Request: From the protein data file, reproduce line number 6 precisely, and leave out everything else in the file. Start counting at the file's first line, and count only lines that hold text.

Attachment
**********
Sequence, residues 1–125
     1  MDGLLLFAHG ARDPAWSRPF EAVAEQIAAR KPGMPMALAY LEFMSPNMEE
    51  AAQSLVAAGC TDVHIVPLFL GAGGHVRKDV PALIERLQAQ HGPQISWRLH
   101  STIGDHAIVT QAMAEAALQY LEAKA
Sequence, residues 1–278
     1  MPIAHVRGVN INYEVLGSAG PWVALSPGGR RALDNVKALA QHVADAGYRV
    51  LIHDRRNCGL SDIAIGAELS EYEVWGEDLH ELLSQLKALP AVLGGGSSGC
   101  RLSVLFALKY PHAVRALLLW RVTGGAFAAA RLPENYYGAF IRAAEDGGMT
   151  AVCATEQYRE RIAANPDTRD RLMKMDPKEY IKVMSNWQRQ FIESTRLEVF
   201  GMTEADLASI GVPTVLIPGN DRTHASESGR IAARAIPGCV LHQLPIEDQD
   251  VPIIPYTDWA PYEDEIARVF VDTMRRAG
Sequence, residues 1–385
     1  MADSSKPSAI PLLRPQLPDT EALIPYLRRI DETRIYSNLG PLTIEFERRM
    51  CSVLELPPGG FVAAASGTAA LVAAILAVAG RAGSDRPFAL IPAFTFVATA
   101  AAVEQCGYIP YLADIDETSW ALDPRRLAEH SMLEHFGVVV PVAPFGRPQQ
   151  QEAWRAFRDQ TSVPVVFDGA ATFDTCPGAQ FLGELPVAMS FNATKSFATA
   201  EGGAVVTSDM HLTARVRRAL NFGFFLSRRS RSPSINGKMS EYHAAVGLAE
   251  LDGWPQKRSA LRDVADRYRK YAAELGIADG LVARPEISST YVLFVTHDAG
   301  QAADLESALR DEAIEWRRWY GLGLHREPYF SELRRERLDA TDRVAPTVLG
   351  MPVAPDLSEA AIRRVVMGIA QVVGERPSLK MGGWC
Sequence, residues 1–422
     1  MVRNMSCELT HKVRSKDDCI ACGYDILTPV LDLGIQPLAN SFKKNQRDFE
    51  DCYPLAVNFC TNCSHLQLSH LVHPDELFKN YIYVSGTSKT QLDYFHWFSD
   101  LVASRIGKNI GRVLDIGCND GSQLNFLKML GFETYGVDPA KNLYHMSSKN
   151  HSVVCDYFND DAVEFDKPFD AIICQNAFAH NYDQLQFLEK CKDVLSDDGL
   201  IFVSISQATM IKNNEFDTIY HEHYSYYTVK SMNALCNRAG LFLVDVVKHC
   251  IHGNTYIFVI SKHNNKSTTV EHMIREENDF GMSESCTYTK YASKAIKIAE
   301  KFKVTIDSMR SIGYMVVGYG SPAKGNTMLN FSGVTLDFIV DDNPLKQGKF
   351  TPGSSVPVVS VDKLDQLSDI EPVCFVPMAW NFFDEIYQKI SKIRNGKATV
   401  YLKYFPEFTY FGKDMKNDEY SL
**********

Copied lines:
     1  MPIAHVRGVN INYEVLGSAG PWVALSPGGR RALDNVKALA QHVADAGYRV